Permanent storage is disappears on HTML5 export (SOLVED)



I use the code below to load and save data in HTML5.

local GAME_ID = "game id"
local FILENAME = "Storage.txt"
local path = sys.get_save_file(GAME_ID, FILENAME)
local data_table = sys.load(path)			

local path = sys.get_save_file(GAME_ID, FILENAME)
local t = {test=1}
local success =, t)

For some reason the HTML file content that’s been previously saved successfully is not always loaded (the data is missing from the file). This happens both when bundling the game and when exporting directly to HTML5. Am I missing something basic, maybe the files is stored in a temp folder or something?



Just tried doing this in and it seems to work. But keep in mind that storing data permanently/persistent in browsers is “hard”. Depending on security settings in the browser the data might get wiped, or the user has disabled it, or the user could have deleted it themselves. Web-dev being web-dev also means it can differ from browser to browser, or even OS the browser is running on.

The best and most reliable way to store data persistently in browser games is to store it server side. :slight_smile:



Yes, there might be environmental factors, but what gets me is that it works most of the time, then all of a sudden SOME of the data goes missing, or appear to revert to a previous version of the file. Because of this it’s very hard to debug!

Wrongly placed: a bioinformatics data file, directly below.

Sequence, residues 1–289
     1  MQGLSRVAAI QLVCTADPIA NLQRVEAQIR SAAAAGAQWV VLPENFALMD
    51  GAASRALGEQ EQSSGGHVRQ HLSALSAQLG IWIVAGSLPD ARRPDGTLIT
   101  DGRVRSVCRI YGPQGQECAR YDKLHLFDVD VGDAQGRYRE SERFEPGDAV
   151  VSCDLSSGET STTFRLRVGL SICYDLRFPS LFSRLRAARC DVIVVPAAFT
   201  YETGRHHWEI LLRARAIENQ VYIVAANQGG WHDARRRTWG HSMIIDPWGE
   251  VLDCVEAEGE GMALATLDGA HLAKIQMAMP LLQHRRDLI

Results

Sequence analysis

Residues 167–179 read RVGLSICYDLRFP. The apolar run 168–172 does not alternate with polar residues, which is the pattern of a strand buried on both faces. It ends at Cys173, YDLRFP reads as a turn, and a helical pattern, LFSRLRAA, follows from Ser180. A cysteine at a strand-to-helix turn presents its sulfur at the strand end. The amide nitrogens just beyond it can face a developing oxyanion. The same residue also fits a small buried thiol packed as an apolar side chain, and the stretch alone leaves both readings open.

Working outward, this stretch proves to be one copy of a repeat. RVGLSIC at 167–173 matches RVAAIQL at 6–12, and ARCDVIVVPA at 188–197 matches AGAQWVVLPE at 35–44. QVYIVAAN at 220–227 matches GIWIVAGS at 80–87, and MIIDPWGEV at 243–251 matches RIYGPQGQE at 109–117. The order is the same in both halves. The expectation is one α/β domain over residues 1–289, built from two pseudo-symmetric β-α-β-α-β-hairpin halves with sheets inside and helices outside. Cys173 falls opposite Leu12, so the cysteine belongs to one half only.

get_save_file returns “/data/.game id/Storage.txt”. Where can I find this file? I’ve looked everywhere. On Mac.

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JavaScript don’t have “regular” filesystem access, but HTML5 does provide a thing called IndexedDB which Emscripten (and thus Defold) use to create a virtual filesystem.

In Chrome you can open the developer tools, go to the “Application” tab and then “IndexedDB”. Iirc the “files” should be available there, but I’m not sure if they are stored in raw text or not.

Worth noting is that file writes/saves are written asynchronously in HTML5 if my memory serves me right. This means that even if you write/save to a file it could take a few seconds until it is actually “written”/“saved”, which could indicate the issue you are describing.



Thanks for the info, that’s very useful. However, in this case, I figured out what the problem was. My code logic.

Instead of merging the data (to preserve the whole structure) I overwrote the data with a smaller set. I did this only in one place, leading me to think it was “random”.

Shame on me.




Haha, alright, but now we have a thread to reference next time there are questions on HTML5 and persistent storage. :+1:




Ultimate Shame With a Silver Lining ™. :upside_down_face:



I’ve added a section about this in the HTML5 manual:

I do need to verify the delay with async operations though. I don’t think a and an immediate sys.load() would pose any problems. I think the state is kept in memory until the transaction into the DB is completed. There might maybe be a problem with dataloss if doing a and immediate shutdown/crash of the browser.